There’s an old investing maxim that you should ‘buy on the sound of cannons, sell on the sound of trumpets’ - today sounds a lot like cannons.
If a global health emergency and predicted recession wasn’t enough for markets to be contending with, Saudi Arabia spent the weekend engineering an oil price war which led to an 30% collapse in the price of crude. The country has found itself at odds with Opec partners and Russia over the correct level of supply in response to the likely reduced demand resulting from Coronavirus. In the end it has decided to jack up oil supply and flood markets at just the time when they were already factoring in a dramatic cut to demand from the Coronavirus.
This left oil prices with only one way to go.
That was bad news for energy giants like BP and Shell which both fell by more than a fifth when London markets opened this morning. That was a big contributing factor in the FTSE 100 dropping between 7% and 8% first thing. Some of that has been clawed back but Monday still looks like an historically bad day for stock markets.
The FTSE 100 is now in ‘bear’ market territory - widely thought of as a 20% peak-to-trough fall. The Footsie hit a recent high in January around 7,674 points but at time of writing today was languishing around 6,040 points - a fall of more than 21%.
Sentiment took another hit over the weekend after Italy expanded measures to limit the spread of the virus there. The prospect of such restrictions having to be adopted across the world means economic forecasts are being rapidly downgraded.
In the UK, eyes turn to new Chancellor Rishi Sunak who on Wednesday will deliver a Budget that is bound to be shaped by Coronavirus and the Government’s response to it. The consensus seems to be that the rookie Chancellor has little choice but to shelve any radical plans he (or Number 10) may have had to restructure the economy. Instead we’re likely to get soothing measures aimed at reassuring the public that the economy can cope with any shock headed its way.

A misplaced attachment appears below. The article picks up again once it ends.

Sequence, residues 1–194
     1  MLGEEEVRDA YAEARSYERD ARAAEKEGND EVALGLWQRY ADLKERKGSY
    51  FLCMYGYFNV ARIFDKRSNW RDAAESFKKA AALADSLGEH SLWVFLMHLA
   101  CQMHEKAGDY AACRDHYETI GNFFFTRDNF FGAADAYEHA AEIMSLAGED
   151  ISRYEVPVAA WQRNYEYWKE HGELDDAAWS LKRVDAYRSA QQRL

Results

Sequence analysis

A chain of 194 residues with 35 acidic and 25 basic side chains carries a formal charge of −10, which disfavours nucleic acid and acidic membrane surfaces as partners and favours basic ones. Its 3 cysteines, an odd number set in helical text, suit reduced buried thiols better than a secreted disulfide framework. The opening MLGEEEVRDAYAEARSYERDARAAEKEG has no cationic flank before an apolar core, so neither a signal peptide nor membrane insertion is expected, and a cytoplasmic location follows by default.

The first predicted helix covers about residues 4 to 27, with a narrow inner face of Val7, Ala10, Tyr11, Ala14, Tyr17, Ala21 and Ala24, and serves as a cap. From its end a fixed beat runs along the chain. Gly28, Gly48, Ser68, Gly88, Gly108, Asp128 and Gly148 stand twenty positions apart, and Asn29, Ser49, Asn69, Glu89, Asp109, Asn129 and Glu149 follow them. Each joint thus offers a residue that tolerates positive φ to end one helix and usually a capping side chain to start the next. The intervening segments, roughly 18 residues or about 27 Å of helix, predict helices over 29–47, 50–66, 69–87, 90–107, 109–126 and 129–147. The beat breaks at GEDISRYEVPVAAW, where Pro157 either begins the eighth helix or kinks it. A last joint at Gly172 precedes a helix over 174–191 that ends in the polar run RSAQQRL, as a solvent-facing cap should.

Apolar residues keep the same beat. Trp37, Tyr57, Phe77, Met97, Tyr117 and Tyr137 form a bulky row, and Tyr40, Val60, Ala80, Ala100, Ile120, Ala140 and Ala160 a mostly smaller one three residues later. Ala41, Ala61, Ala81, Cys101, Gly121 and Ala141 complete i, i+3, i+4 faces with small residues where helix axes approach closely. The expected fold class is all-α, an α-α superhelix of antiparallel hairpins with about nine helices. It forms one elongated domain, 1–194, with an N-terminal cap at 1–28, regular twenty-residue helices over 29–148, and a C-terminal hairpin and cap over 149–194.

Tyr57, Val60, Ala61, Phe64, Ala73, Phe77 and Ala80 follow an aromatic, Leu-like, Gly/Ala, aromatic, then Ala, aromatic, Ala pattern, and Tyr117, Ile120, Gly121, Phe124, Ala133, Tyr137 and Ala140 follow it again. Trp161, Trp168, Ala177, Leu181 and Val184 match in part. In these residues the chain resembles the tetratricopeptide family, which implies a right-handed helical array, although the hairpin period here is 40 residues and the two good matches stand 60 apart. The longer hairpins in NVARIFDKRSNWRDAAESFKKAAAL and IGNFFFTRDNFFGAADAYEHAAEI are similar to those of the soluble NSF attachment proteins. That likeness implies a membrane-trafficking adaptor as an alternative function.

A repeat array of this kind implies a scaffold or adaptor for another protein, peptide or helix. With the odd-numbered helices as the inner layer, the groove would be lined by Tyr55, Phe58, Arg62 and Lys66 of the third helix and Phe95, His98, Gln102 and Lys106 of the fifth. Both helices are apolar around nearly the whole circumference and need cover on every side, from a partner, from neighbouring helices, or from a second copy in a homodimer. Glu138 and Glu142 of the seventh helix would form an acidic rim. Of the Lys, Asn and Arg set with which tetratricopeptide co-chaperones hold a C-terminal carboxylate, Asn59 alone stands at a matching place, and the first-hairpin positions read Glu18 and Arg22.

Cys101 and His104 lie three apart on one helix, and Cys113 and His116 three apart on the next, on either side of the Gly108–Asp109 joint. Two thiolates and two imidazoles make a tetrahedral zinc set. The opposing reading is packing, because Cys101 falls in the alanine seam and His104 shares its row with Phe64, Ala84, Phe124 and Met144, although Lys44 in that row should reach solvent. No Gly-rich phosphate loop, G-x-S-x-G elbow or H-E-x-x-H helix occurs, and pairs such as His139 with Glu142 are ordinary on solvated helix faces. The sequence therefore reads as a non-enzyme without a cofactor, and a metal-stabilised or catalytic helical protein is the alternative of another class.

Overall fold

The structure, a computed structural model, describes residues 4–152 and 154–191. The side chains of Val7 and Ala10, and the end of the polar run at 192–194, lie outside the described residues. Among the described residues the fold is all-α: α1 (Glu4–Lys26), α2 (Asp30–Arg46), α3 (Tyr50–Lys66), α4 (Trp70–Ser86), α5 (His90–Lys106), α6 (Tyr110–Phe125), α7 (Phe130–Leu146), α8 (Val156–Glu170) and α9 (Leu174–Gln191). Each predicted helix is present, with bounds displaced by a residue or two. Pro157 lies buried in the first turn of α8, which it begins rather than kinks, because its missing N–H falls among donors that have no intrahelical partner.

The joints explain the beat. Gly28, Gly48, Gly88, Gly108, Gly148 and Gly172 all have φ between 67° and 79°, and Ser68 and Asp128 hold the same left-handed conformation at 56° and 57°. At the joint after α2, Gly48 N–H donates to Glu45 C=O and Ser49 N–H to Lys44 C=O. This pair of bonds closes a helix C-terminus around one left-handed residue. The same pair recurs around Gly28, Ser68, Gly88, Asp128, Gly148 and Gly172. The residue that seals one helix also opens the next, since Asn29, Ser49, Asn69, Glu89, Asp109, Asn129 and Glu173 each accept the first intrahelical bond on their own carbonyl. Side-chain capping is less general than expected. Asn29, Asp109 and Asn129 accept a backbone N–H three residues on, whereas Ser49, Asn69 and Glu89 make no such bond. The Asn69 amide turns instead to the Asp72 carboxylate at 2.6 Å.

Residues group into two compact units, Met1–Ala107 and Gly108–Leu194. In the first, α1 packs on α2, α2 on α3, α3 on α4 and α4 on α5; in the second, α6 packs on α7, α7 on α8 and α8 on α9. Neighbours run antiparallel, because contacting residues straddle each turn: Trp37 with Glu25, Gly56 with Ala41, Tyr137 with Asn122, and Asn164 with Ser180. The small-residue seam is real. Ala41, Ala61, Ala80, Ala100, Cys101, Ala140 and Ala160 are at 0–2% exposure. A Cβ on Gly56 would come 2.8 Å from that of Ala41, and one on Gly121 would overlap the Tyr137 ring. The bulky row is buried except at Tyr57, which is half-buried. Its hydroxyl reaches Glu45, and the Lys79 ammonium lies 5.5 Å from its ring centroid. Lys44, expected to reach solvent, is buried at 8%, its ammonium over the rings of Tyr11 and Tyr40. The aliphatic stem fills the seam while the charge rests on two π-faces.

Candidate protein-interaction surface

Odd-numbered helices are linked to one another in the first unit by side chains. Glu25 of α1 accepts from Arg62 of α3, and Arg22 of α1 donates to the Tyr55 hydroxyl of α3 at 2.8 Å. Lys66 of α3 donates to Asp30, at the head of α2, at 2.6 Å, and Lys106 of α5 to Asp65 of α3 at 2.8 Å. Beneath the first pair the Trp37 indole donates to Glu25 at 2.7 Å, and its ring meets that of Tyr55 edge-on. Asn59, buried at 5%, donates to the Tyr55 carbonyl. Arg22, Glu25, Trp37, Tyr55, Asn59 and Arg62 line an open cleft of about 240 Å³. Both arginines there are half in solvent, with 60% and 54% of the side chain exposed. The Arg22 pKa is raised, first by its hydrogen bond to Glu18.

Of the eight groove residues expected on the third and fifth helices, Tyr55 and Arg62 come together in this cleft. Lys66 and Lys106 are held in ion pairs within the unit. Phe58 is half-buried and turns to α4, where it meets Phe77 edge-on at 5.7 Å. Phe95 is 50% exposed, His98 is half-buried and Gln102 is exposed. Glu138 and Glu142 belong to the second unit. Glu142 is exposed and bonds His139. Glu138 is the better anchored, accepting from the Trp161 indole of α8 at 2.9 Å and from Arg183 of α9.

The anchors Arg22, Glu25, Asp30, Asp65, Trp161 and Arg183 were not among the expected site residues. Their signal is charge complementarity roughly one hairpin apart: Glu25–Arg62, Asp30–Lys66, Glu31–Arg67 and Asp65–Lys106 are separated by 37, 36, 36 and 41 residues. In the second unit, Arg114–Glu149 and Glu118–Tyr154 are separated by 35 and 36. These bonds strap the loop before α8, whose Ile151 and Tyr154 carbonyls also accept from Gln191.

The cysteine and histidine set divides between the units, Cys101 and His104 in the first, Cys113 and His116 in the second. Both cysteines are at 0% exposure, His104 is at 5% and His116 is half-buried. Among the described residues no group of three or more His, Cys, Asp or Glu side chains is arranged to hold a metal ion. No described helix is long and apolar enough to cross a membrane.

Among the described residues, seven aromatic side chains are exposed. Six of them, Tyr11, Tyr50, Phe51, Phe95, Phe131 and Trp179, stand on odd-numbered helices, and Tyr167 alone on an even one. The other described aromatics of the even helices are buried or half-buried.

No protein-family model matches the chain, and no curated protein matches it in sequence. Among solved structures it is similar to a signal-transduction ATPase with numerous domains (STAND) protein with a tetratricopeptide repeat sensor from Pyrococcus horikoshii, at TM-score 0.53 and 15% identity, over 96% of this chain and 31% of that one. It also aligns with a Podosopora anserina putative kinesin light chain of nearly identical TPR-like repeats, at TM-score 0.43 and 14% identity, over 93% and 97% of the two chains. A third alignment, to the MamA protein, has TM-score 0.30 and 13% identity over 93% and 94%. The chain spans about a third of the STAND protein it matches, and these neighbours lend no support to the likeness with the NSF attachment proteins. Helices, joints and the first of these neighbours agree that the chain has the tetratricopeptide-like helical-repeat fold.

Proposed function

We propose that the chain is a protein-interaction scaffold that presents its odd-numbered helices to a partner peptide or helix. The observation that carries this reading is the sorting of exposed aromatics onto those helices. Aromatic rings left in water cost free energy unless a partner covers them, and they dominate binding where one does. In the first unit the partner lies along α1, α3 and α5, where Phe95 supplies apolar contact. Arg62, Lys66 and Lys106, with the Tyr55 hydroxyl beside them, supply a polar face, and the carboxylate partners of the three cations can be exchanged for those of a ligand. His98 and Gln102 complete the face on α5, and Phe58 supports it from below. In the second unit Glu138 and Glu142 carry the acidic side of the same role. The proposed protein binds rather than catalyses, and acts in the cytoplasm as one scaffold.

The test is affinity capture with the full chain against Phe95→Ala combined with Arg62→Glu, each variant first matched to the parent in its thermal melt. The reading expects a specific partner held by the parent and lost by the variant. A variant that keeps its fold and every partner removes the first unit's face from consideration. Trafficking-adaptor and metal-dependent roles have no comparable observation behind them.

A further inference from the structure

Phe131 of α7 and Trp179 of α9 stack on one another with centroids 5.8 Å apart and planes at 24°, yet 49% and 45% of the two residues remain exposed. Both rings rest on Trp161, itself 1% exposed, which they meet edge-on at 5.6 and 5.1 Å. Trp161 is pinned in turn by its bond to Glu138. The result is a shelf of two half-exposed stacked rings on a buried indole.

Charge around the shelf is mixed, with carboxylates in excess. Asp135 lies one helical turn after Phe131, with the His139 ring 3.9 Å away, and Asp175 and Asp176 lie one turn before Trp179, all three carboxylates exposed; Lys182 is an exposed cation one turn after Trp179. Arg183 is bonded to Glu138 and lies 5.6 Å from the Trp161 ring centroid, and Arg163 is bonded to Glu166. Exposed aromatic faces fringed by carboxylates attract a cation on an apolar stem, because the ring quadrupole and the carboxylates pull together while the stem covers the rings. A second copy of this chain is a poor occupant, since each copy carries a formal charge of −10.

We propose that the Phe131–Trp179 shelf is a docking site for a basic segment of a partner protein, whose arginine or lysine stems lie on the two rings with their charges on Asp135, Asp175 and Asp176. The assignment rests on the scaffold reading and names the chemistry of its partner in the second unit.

Emergency steps to allow the National Health Service to bolster staffing numbers could include changes to pensions rules. Highly paid NHS workers have suffered from the introduction of the Tapered Annual Allowance - the gradual reduction in tax relief available to those earning above certain levels. The way that defined benefit pension schemes of health professionals apply the taper mean that many doctors have faced unexpected tax bills - and some have even retired early as a result.
That’s suboptimal during a brewing health emergency so the Chancellor could move to reassure NHS workers that they won’t lose out on their pension by treating sufferers of Coronavirus.
Beyond that, the Chancellor is likely to announce increased Government spending and could relax borrowing rules which would otherwise mean taxes would have to rise. Squeezing taxpayers would only hurt growth at a time when the economy may already be weakened. There could also be money set aside to help businesses struggling with short-term cashflow issues.
Most of all, the Government will want to make clear that it has a firm hand on the tiller.
For investors, periods like this require calmness. Long-term investing means accepting volatility and if you invest on a regular basis, the ups and downs in the market are to your advantage. When markets fall you automatically benefit by getting more shares or units for your money. This is known as ‘cost averaging’ because it can considerably lower the average price you pay for your investments. And, if you buy when prices are low, you reap all the rewards when they rise again.
If you are tempted to sell investments you should ask yourself - ‘if I sell, when will I buy in again?’
There will always be bad news for markets to worry about, so those hoping to sell down investments now will almost have to buy back in at a time when the outlook is still uncertain.
That’s the hard bit about trying to time markets. You don’t just need to get one call right, you need to get two. Selling out is the easy bit because you can do it and swim with the crowd at the same time. Buying back in, on the other hand, requires a contrarian approach that few, when it comes to it, are comfortable adopting.
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